The 'Carly' at Nepomuk having a new crankshaft sensor fitted © Ricky Yates
In order to legally keep a car on the road in the United Kingdom, it has to have an MOT certificate. This shows that it has passed its MOT test, proving that it is mechanically sound and its exhaust emissions are within the accepted limits. The abbreviation MOT comes from ‘Ministry of Transport’, the then government department which first introduced the test in 1960.
In the Czech Republic, the equivalent of an MOT test is also known by a set of initials – STK. These stand for Stanice technické kontroly / Technical Inspection Station. Whilst in the UK, once a car is three years old, it has to pass an MOT test annually, in the Czech Republic the STK test only has to be undertaken once every two years.
As I wrote in my June . . . → Read More: Stanice technické kontroly – STK
The tramline from Podbaba to Vítezné námestí is closed for over three months © Ricky Yates
I have written previously about the wonderful integrated public transport system that we enjoy here in Prague. And it is also extremely pleasing to see money being put in to both upgrade and extend it. However, when this happens, the network inevitably gets disrupted whilst these engineering works take place.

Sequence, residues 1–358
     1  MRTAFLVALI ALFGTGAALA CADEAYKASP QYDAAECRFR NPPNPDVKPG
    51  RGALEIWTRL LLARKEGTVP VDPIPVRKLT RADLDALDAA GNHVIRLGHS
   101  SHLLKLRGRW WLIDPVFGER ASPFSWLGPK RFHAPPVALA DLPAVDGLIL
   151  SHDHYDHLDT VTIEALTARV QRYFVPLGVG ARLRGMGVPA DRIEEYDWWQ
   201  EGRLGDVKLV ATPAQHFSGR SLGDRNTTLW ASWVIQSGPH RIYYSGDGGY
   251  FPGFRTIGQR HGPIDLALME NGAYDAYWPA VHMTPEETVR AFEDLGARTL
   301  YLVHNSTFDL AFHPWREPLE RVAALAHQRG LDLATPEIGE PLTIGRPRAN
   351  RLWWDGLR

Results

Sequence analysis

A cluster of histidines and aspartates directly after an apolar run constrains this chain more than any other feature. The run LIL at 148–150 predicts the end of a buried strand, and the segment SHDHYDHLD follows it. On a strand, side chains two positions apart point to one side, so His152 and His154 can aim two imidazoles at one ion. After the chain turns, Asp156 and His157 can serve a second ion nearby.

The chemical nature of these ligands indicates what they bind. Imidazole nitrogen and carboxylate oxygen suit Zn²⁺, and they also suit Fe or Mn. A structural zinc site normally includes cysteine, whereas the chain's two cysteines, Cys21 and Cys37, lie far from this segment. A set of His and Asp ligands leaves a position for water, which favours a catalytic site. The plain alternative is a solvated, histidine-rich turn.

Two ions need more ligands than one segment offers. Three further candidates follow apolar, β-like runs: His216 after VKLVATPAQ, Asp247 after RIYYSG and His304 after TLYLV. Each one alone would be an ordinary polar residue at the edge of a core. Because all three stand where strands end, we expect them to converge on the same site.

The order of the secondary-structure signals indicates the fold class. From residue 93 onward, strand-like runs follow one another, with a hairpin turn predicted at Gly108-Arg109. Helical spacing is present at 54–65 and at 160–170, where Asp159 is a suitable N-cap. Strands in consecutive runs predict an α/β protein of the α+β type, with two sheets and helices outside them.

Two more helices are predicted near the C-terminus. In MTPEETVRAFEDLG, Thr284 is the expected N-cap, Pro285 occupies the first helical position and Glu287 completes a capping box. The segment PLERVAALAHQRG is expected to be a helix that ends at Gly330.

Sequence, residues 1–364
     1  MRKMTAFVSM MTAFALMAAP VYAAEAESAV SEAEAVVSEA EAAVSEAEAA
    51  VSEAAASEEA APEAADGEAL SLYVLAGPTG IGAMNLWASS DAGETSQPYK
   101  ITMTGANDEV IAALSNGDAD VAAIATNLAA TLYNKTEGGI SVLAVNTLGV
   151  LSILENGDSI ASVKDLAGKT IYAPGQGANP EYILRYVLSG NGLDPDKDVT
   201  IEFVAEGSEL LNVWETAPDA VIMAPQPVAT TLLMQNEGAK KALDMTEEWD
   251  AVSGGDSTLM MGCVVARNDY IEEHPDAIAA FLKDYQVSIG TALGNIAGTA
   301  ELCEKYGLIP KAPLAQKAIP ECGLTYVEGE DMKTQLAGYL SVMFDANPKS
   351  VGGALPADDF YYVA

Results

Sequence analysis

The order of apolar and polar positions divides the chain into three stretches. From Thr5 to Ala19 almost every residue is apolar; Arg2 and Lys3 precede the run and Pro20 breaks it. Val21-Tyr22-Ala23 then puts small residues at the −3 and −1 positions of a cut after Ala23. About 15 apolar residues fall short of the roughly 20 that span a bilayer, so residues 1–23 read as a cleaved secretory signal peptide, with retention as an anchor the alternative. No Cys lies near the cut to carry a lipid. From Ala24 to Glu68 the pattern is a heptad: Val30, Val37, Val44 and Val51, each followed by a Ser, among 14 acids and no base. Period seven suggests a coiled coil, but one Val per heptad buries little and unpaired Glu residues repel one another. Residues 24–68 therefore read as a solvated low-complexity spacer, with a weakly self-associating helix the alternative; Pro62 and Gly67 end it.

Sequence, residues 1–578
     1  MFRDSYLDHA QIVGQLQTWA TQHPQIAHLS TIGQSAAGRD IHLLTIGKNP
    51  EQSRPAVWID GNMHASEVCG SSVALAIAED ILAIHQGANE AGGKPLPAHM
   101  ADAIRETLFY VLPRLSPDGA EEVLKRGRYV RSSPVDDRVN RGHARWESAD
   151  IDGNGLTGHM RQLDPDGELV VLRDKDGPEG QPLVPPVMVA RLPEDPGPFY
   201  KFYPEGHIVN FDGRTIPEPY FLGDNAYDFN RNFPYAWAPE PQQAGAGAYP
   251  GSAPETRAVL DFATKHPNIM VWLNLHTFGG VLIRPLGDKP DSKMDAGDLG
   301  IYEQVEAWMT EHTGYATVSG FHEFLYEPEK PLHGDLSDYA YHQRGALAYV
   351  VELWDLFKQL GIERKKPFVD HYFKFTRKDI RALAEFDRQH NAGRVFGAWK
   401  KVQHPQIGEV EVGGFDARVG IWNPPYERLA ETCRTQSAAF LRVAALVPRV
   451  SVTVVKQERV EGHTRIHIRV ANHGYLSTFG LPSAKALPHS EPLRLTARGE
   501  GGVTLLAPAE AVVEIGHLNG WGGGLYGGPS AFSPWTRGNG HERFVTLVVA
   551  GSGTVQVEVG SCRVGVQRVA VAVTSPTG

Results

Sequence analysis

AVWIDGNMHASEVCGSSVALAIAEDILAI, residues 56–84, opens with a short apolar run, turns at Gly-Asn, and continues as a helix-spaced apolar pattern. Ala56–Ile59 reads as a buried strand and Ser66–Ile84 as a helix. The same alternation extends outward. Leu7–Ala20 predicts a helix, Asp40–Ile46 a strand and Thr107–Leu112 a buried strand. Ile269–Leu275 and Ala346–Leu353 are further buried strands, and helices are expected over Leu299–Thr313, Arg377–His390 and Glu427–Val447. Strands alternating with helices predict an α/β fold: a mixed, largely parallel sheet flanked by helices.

In order to get into the centre of Prague, we normally make the ten minute walk from the Chaplaincy Flat, to our nearest tram stop at Podbaba. From there we catch Tram 8, which in less than twenty minutes takes us to Dlouhá trída, two minutes walk from St. Clement’s Church. We can also get off at the third stop from Podbaba at Vítezné námestí and either catch another tram or transfer to the Metro at the neighbouring Dejvicka station.
. . . → Read More: Extending and upgrading our tramline
Slapy Lake © Ricky Yates
Last Monday, being my day-off, Sybille and I decided to take advantage of the warm sunny weather and pay our first visit this year to Vodni Nadrž Slapy – Slapy Lake, and the little lakeside village of Ždán. The village and lake are about 50km south of our home with the journey taking about an hour in the car, because of needing to either get through or around Prague, before being able to head out into the Bohemian countryside.
The lakeside beach at Ždán © Ricky Yates
Slapy Lake has been formed by the building of the Slapy Dam across the Vltava River. Both take their name from the village of Slapy which lies a couple of kilometers west of the site of the dam. As I explained in my earlier post entitled ‘A Trip up the Vltava River’, . . . → Read More: Slapy Lake – Vodni Nadrž Slapy